Lesson Focus: God is with us and for us. His goodness and faithfulness constantly pursue us to lead us where we need to go. We must learn to follow his leading.
Lesson Outcomes: Through this lesson students should:
Understand that God is with us and for us always.
Understand that God’s goodness and faithfulness constantly pursue us.
Seek to learn to follow God’s good leading.
Catch up on the Story: Psalm 23 is one of the most beloved psalms of all time. Many people, regardless of their affiliation with church or Christianity, know or could recognize these poetic lines. It is very familiar to us.
That is the trouble. Anytime we are confronted with a familiar passage of scripture, the challenge is to read it with fresh eyes and ears so that we might hear what it has to speak to us today. As you and your group prepare to read and study this psalm today, take a deep breath, clear your mind, and open it to the possibilities of receiving something new.
Of course, there’s a good chance that this psalm carries with it the same meaning as we have come to know and love.
As with many psalms, we lack a specific context. Psalm 23 can be classified as a psalm of trust, and psalms of trust usually are formed within the context of conflict. There is no reason to believe that this psalm is different. It will speak well to us in the context of the Lenten season, where we are constantly learning, amidst all circumstances, to place our trust in the God who created and now sustains the world.
The Text: Teaching this psalm will be tough. It will be tough because people are very familiar with the text.
The psalm can be split into two sections which use two different metaphors to speak about our relationship with God. The first section, verses 1-4, uses a shepherd/sheep metaphor. The second section, verses 5-6, makes use of a host/guest metaphor. These two metaphors work in concert to paint a picture of God’s relationship with us that is active and comforting.
My Shepherd: Psalm 23:1-4 As we have been studying the psalms these last few weeks, we have run across this shepherd/sheep metaphor before. Domesticated sheep are not the brightest animal and are prone to get lost. They will eat a bit of grass here and then wander off to the next bit of grass, not paying attention to where they are going. They either become lost or because they are away from the protection of the flock, they run into wild predators.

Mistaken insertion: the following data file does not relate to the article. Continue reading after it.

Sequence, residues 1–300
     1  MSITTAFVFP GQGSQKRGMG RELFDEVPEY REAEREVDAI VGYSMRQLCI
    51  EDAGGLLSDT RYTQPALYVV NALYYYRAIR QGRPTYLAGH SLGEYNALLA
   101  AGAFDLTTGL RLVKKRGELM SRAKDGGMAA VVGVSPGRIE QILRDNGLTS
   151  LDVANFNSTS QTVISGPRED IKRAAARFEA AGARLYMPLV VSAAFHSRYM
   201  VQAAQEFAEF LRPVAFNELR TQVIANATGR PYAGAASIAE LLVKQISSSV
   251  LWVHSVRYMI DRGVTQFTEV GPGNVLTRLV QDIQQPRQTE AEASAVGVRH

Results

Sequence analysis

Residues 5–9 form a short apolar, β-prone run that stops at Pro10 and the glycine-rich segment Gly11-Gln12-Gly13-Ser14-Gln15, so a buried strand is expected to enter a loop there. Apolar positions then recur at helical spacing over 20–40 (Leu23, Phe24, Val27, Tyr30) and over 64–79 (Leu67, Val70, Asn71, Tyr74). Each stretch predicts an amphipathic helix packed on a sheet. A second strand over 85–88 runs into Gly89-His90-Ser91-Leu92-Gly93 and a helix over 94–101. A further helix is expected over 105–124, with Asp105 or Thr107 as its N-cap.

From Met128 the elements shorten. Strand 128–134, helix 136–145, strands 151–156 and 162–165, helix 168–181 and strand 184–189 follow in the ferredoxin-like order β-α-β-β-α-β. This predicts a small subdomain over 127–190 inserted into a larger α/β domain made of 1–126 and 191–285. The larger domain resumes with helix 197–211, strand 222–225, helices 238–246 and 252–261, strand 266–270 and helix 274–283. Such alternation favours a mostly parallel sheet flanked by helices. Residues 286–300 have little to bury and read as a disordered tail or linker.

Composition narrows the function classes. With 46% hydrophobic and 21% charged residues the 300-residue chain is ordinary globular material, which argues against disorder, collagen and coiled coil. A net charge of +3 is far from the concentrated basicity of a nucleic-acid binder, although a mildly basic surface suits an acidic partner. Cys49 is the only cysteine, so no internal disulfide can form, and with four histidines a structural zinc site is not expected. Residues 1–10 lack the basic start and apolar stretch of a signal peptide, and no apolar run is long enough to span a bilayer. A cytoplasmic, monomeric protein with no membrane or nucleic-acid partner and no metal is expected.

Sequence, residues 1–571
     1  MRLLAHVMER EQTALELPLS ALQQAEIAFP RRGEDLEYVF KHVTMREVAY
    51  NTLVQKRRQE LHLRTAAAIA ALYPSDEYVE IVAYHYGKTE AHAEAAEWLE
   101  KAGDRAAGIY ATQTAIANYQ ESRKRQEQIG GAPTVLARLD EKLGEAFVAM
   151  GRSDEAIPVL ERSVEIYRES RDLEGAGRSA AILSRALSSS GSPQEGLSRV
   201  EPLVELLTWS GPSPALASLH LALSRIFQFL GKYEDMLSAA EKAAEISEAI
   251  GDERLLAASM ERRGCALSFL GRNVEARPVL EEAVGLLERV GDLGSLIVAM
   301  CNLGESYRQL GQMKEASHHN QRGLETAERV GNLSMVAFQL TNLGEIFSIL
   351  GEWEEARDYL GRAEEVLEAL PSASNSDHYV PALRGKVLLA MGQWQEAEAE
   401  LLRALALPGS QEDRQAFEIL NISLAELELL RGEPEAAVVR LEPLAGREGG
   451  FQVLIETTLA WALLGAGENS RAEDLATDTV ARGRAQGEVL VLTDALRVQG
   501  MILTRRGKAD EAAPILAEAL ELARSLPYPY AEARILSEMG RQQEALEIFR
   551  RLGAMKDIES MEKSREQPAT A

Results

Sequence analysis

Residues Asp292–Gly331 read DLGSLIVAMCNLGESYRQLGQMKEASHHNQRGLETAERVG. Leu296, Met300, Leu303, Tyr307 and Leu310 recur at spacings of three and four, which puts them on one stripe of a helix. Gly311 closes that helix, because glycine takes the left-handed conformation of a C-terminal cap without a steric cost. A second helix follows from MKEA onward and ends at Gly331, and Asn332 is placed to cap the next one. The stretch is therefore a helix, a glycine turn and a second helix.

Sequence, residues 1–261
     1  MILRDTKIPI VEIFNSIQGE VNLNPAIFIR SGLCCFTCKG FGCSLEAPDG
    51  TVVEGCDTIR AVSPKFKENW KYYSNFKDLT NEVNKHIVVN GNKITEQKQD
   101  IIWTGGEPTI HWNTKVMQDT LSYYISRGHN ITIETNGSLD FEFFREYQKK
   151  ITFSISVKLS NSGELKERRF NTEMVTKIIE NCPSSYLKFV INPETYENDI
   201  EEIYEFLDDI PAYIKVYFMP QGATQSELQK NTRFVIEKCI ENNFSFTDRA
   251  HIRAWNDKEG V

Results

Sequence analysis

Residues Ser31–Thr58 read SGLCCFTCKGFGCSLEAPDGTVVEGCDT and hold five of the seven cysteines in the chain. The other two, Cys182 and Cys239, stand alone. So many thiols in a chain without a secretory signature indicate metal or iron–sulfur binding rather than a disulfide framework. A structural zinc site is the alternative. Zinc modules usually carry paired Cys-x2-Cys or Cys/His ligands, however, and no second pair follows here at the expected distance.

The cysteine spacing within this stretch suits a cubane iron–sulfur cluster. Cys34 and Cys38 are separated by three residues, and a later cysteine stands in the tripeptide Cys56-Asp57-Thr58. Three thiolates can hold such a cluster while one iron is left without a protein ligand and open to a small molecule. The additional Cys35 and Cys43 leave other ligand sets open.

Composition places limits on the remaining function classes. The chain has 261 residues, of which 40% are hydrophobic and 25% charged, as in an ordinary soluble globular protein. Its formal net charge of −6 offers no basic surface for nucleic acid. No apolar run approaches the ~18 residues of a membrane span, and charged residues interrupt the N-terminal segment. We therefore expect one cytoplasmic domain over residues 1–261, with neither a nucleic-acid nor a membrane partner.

In the ancient near east, it was common to use a shepherd/sheep image to depict the king and his people. The king as was the shepherd and the people were the sheep (Jacobson, 102). Here, this common image gets extended to God as the one and only divine king, and Israel as his people.
The first thing that we notice is that because the sheep are under the care of the shepherd, they do not want. A better translation for “want” would be “lack” or “need.” For us, the word “want” denotes an item or provision that is not a necessity. We have all kinds of wants which we do not require for our successful survival. Israel wandered in the wilderness and they did not lack any basic need. It’s the same sentiment here.
As we turn toward verse 2, we are presented with three sentences that all begin with “He” followed by a verb, “He makes,” “he leads,” and “he restores.” The “he” of course is God the good shepherd. The shepherd makes the sheep lay down in green pastures.
The shepherd leads the sheep beside water from which they will be able to drink. These waters are waters which, in addition to being drinkable, will provide rest and safety. The next line in verse 3 provides a little more context. The waters by which the shepherd leads his sheep will be life giving. The “soul” of verse 3 could be better translated as “life.” Keep in mind the context of psalms of trust: some kind of conflict. The shepherd has led the sheep away from conflict and perhaps the sheep are faint and close to perishing. The shepherd leads the sheep to a safe place where they will be able to rest and receive new life again.
The shepherd leads the sheep in paths that will be safe and secure. The shepherd knows that the sheep cannot remain in a place of safety and security forever. Life is fraught with dangers and is seldom ever stationary. Yet, the shepherd accompanies the sheep as they seek to navigate this life. The “right paths” of verse 3 are paths that are safe from danger.